Scientists Create First Lab-Grown Human Eggs


The latest study is the first time a human egg has been developed in the lab from its earliest stage to full maturity. This accomplishment is set to give us new insight into how human eggs develop, and it could potentially offer a compelling new option to individuals who are at risk of fertility loss.

If one day they're able to fertilize the eggs and they prove to be healthy, this could change the lives of girls with cancer by protecting their fertility.

A fully mature lab-grown egg. Researchers must prove that the eggs cannot only mature, but do so without any abnormalities that could pose a risk to women.

Scientists have succeeded for the first time in growing human eggs in a laboratory from the earliest stages in ovarian tissue all the way to full maturity - a scientific step that had previously been taken in mice.

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Researchers at the University of Edinburgh say that this new technique could lead to leaps in preserving the fertility of kids undergoing cancer treatment, the BBC reports.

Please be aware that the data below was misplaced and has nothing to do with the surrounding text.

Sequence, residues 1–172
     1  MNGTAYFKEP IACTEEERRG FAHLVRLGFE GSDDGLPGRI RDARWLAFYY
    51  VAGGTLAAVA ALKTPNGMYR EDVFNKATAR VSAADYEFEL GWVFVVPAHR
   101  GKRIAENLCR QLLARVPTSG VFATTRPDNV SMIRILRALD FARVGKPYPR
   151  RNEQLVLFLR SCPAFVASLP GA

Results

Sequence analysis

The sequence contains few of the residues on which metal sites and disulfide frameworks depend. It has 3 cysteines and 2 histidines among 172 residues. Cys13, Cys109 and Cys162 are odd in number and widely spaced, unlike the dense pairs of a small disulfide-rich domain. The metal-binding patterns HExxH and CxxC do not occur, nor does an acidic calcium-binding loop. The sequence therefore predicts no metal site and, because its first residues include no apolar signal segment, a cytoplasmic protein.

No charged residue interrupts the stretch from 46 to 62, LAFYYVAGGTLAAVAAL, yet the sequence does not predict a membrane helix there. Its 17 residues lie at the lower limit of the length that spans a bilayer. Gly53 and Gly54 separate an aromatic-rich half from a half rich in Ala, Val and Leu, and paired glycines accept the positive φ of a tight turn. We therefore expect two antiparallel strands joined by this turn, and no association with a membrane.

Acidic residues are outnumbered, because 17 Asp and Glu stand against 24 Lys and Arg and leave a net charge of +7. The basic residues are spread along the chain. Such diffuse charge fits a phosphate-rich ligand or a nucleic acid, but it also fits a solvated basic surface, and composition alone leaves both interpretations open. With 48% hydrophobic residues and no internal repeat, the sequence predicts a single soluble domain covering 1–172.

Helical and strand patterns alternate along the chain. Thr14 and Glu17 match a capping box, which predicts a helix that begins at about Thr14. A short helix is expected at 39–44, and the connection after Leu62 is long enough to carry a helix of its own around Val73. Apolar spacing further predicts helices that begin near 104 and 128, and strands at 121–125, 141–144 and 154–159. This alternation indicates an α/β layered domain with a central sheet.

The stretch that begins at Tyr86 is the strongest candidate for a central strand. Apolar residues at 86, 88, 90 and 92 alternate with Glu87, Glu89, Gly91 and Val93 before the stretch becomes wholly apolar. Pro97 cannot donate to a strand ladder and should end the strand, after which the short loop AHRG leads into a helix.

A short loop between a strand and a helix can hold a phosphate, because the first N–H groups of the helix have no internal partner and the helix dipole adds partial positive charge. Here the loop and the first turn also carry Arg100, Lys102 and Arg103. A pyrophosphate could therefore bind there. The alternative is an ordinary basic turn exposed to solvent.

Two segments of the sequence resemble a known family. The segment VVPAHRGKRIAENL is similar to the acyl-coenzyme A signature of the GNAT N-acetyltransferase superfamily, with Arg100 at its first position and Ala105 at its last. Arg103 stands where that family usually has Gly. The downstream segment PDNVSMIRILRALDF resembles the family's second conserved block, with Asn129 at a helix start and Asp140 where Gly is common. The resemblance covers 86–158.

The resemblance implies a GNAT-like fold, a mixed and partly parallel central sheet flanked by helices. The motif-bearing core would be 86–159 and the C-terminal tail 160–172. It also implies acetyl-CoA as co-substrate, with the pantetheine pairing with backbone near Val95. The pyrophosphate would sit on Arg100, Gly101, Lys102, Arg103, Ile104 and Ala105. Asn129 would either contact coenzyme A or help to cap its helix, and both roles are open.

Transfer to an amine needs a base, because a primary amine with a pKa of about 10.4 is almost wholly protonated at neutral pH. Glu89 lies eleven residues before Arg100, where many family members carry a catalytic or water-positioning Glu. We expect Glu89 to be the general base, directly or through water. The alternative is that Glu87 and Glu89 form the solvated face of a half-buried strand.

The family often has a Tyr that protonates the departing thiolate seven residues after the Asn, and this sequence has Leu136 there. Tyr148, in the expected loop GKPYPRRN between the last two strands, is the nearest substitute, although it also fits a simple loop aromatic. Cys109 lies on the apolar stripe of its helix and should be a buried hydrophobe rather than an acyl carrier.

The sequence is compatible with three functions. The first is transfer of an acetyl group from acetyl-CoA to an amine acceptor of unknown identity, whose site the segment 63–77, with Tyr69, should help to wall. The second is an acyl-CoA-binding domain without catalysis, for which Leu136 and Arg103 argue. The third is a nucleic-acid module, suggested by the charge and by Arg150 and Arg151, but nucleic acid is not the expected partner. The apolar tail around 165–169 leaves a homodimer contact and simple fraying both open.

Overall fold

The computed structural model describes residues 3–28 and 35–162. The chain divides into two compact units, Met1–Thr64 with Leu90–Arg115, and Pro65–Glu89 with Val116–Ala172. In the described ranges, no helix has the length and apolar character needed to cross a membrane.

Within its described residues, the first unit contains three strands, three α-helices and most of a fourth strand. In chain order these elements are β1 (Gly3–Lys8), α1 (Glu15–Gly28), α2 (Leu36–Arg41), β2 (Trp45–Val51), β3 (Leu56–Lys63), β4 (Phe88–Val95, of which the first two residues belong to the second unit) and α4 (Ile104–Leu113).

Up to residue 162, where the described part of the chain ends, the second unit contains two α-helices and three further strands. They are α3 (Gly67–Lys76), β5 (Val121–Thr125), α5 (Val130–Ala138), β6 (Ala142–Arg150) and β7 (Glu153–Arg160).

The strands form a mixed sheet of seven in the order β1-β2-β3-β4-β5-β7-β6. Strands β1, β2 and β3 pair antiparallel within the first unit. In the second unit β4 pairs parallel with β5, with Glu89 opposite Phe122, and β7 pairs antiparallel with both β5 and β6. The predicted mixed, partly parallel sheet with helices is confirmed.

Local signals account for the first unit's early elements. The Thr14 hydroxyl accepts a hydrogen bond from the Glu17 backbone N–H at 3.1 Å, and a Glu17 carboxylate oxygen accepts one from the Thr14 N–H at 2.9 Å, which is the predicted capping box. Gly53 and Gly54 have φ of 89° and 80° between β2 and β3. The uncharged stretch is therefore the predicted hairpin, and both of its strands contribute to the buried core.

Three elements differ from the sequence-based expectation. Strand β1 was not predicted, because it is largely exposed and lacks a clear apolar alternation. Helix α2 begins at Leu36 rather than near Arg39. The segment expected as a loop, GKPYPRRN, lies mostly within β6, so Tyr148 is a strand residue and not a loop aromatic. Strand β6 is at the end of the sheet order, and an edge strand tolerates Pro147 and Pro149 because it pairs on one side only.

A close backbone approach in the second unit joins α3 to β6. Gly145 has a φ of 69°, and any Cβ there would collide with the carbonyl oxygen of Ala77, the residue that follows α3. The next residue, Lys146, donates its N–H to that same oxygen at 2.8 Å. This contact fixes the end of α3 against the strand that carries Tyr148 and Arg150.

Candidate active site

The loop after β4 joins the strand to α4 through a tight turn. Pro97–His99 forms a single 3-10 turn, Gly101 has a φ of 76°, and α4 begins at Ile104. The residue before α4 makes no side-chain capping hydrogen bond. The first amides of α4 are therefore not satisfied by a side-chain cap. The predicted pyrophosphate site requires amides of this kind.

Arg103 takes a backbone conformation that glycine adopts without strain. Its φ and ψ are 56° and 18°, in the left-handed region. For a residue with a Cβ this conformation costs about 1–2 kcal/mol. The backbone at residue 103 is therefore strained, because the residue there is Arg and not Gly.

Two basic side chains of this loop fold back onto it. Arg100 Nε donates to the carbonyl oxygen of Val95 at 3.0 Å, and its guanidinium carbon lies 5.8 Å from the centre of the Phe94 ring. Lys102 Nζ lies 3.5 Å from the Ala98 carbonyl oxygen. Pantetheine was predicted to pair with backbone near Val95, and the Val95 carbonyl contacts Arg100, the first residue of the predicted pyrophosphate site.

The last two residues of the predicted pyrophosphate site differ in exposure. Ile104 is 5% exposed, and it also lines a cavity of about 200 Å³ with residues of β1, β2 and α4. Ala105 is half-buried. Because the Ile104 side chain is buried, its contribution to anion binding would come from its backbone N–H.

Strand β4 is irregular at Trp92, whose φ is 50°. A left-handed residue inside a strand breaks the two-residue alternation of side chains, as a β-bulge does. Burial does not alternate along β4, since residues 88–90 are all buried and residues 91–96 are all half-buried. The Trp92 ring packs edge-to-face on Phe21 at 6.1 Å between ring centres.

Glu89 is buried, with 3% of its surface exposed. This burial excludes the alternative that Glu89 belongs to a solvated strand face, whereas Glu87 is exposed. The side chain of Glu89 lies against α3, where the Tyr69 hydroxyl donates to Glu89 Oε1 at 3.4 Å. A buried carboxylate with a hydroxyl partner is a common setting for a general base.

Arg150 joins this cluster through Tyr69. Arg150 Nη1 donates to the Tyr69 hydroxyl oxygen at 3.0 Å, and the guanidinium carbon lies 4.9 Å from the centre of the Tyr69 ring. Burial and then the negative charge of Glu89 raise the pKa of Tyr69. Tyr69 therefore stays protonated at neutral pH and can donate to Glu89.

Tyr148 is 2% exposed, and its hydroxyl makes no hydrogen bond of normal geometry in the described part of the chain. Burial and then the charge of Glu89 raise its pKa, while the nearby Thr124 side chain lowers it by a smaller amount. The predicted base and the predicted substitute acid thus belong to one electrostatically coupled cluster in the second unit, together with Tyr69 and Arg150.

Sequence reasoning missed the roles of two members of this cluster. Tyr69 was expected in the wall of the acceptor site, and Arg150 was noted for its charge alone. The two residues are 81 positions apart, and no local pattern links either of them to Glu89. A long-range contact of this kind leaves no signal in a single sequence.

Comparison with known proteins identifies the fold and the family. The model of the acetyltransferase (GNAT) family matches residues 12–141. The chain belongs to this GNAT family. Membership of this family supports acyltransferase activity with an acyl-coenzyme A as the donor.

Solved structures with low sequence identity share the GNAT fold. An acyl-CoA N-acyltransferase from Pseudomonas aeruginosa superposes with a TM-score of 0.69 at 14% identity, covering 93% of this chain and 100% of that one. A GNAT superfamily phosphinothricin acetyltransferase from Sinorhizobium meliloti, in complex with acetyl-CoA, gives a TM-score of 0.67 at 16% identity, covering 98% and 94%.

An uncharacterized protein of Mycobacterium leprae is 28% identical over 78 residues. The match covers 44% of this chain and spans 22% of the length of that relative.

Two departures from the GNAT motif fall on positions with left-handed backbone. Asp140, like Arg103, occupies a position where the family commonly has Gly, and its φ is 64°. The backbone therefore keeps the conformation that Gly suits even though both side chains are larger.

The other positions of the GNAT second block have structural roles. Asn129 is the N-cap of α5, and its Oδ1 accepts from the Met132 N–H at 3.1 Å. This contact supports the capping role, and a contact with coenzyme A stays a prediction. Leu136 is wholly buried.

Telfer, who worked alongside scientists from the Center for Human Reproduction in NY, grew the eggs using samples collected from 10 women who chose to undergo caesarian sections.

Some cancer patients now have a piece of their ovary removed before treatment and re-implanted later.

Independent experts not directly involved in this work praised it as important, but also cautioned that there is much more to do before lab-grown human eggs could be safely be made ready for fertilisation with sperm. The follicles grew in a broth of nutrients for eight days until some of the eggs started to develop. They noted that 48 eggs reached the penultimate step of maturity and only 9 reached complete maturity. Figuring out how to allow the eggs to fully mature in such a way for humans has proved to be much more hard, partially because our tissue is more complicated than mouse tissue, Telfer explained to theNew Scientist. It's good to see research into new ways that might maintain fertility. "We also hope to find out, subject to legal regulation, whether they can be fertilized", said Evelyn Telfer, a professor at the University of Edinburgh's Faculty of Biological Sciences. Prof Telfer explained that a lot of improvement in the steps is necessary before they can ideal this technique. In the lab-grown eggs, the polar bodies appeared strangely large, perhaps hinting at a problem. And even if that never happens, the research has still allowed them to better understand how human eggs develop.